To the other side of the world and back!

japan-112722_1920It’s week 6 this week and that means that I am almost halfway through this semester. Time seems to be flying past but I am quite surprised at how well I have been able to keep up with all of my assigned work this semester. I can probably link that to the many gaps in my timetable; A six-hour gap on a Wednesday and a five-hour gap on a Thursday are too long to justify doing nothing.

One assignment that I’ve been working on is a group assignment for my TESOL (Teaching English to Speakers of Other Languages) module. It involves English-learning in Asia. As I previously studied Japanese I volunteered for the Japanese section. I began researching it yesterday and I learnt quite a lot more than I thought I would.

Teaching English in Japan mainly involves the grammatical and written aspect of the language, with not a lot of focus on the oral skills (or the Grammar Translation Method). I have spoken about this a little in my first blog. Due to this method, Japanese people are competent in reading and writing English, but it is almost impossible to get them to speak English. This has made me reflect on the Irish language and its use by Irish people. Are any of my readers Irish? Can you speak Irish fluently? (If you can, here’s a hilarious joke that one of my friends sent me!)

download (1)
Source, which also includes more hilarious Irish jokes for my fellow Irish đŸ˜‰

Most of us can barely speak Irish..

Japanese people spend six to eight years learning English and they are not quite capable of using it correctly. The Irish people draw an interesting comparison to this as we spend thirteen years (twice the amount of time!) learning Irish almost every day but after our formal Irish education ends most of us can barely speak Irish, let alone hold a simple conversation about the weather.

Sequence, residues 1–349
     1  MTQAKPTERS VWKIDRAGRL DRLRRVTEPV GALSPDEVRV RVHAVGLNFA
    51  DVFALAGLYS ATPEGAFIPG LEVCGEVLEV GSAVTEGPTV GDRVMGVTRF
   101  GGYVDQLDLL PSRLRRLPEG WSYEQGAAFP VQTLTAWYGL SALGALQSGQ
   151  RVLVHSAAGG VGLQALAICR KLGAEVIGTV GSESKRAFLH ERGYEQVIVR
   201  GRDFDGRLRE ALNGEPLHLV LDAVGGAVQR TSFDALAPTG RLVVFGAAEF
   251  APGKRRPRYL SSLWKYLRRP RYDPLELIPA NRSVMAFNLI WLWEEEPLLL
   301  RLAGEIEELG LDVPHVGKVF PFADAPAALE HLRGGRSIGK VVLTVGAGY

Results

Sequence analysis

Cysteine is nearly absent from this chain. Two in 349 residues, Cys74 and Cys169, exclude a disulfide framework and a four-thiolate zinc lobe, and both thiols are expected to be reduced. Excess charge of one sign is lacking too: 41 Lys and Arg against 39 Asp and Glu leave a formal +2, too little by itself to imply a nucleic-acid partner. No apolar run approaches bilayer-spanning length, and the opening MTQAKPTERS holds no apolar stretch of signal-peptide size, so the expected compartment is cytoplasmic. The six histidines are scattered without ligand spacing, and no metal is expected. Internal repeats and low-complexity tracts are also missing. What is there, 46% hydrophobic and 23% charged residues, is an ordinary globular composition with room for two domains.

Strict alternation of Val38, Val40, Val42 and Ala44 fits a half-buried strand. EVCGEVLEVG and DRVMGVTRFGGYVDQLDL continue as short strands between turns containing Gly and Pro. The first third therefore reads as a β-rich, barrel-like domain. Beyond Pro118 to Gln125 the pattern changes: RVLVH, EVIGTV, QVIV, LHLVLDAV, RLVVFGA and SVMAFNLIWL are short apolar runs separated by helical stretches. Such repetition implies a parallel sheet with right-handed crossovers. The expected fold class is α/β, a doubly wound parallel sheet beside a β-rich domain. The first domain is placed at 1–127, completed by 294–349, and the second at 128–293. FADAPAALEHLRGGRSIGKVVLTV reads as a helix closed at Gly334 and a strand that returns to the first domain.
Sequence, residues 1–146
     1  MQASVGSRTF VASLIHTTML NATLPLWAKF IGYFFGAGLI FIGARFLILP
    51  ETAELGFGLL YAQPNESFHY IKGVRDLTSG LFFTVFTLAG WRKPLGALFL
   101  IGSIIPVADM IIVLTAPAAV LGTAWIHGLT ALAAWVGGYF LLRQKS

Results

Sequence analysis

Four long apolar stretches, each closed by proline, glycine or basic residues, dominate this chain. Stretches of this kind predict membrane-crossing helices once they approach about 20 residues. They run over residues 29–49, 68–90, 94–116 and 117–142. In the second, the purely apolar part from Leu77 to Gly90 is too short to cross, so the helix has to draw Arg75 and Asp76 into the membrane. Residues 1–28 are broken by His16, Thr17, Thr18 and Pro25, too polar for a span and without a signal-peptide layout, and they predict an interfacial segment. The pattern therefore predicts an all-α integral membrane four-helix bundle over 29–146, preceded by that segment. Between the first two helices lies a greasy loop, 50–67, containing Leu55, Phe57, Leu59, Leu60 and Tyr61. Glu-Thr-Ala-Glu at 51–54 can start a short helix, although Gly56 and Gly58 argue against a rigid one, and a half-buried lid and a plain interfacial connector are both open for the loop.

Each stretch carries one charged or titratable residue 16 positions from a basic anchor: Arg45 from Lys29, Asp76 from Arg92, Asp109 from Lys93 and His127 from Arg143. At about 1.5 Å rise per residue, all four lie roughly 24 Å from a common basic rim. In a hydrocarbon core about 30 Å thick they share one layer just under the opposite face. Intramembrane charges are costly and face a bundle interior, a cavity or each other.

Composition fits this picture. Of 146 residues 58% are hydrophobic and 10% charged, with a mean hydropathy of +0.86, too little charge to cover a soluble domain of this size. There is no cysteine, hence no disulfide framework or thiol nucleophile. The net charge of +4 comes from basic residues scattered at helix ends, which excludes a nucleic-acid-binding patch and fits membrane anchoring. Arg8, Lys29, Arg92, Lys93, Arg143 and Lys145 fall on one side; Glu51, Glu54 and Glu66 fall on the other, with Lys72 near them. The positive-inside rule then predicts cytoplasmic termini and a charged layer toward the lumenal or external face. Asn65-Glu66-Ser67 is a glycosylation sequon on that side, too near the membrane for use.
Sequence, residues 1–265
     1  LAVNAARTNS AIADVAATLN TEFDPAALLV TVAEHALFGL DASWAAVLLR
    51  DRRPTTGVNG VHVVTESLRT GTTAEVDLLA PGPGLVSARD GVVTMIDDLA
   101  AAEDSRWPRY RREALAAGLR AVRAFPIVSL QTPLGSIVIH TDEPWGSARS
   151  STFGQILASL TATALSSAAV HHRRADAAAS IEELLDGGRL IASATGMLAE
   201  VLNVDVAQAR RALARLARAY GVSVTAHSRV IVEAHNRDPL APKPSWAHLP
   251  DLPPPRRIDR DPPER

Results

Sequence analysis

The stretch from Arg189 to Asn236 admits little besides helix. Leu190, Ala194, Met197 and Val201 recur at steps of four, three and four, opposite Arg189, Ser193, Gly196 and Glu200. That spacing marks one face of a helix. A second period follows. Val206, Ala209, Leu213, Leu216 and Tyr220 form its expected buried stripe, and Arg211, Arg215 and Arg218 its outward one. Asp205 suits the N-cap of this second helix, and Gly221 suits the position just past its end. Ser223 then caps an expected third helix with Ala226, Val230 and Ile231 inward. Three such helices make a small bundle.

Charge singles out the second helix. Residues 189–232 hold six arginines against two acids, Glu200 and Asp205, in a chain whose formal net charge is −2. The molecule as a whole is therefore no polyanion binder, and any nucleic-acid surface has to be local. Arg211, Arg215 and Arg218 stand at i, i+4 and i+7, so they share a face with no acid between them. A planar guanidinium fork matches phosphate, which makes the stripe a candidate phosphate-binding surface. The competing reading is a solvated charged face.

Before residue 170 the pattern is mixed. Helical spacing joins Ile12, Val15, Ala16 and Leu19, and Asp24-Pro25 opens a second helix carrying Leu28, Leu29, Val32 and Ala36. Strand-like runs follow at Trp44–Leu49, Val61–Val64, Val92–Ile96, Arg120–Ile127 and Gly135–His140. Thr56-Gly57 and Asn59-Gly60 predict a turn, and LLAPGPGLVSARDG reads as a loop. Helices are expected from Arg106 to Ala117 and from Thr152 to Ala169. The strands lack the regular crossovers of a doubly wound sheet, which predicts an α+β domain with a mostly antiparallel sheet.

Why is this?

  • Is it the educational system?
  • The teaching method?
  • The fact that most Irish people don’t feel that Irish is important to their lives after secondary school?

Now that I have plenty of time during the week I intend to research these questions myself, and at least attempt to formulate a possible reason. The language similarities we have to a country thousands of miles away is both intriguing and fascinating.


One thought on “To the other side of the world and back!

Leave a Reply

Fill in your details below or click an icon to log in: Logo

You are commenting using your account. Log Out /  Change )

Google+ photo

You are commenting using your Google+ account. Log Out /  Change )

Twitter picture

You are commenting using your Twitter account. Log Out /  Change )

Facebook photo

You are commenting using your Facebook account. Log Out /  Change )


Connecting to %s